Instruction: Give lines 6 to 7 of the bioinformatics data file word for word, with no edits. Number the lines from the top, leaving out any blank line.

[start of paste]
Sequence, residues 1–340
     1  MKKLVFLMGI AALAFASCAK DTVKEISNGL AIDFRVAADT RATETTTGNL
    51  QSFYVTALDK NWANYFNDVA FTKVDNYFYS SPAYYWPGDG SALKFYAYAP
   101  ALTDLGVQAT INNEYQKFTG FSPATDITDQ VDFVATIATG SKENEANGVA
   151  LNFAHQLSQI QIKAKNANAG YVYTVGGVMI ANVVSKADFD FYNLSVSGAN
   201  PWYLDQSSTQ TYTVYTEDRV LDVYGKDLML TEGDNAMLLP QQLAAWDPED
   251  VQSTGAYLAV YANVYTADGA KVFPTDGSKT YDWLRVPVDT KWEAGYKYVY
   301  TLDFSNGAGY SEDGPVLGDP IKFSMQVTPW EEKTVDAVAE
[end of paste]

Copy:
   201  PWYLDQSSTQ TYTVYTEDRV LDVYGKDLML TEGDNAMLLP QQLAAWDPED
   251  VQSTGAYLAV YANVYTADGA KVFPTDGSKT YDWLRVPVDT KWEAGYKYVY